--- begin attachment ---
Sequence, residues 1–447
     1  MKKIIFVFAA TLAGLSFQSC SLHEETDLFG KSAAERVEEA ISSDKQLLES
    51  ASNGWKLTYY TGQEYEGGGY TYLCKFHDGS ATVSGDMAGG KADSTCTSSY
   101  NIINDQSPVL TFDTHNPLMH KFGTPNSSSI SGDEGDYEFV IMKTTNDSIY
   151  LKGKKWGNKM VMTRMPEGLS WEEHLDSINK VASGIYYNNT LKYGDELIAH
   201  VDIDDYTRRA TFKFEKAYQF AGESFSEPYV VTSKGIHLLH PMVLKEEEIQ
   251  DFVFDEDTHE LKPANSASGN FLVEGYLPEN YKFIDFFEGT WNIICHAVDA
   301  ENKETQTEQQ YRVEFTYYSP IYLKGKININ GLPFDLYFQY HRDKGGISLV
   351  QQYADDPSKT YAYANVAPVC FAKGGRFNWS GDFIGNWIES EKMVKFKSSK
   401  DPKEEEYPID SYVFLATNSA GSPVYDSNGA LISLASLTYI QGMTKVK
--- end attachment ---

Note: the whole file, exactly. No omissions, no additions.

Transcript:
Sequence, residues 1–447
     1  MKKIIFVFAA TLAGLSFQSC SLHEETDLFG KSAAERVEEA ISSDKQLLES
    51  ASNGWKLTYY TGQEYEGGGY TYLCKFHDGS ATVSGDMAGG KADSTCTSSY
   101  NIINDQSPVL TFDTHNPLMH KFGTPNSSSI SGDEGDYEFV IMKTTNDSIY
   151  LKGKKWGNKM VMTRMPEGLS WEEHLDSINK VASGIYYNNT LKYGDELIAH
   201  VDIDDYTRRA TFKFEKAYQF AGESFSEPYV VTSKGIHLLH PMVLKEEEIQ
   251  DFVFDEDTHE LKPANSASGN FLVEGYLPEN YKFIDFFEGT WNIICHAVDA
   301  ENKETQTEQQ YRVEFTYYSP IYLKGKININ GLPFDLYFQY HRDKGGISLV
   351  QQYADDPSKT YAYANVAPVC FAKGGRFNWS GDFIGNWIES EKMVKFKSSK
   401  DPKEEEYPID SYVFLATNSA GSPVYDSNGA LISLASLTYI QGMTKVK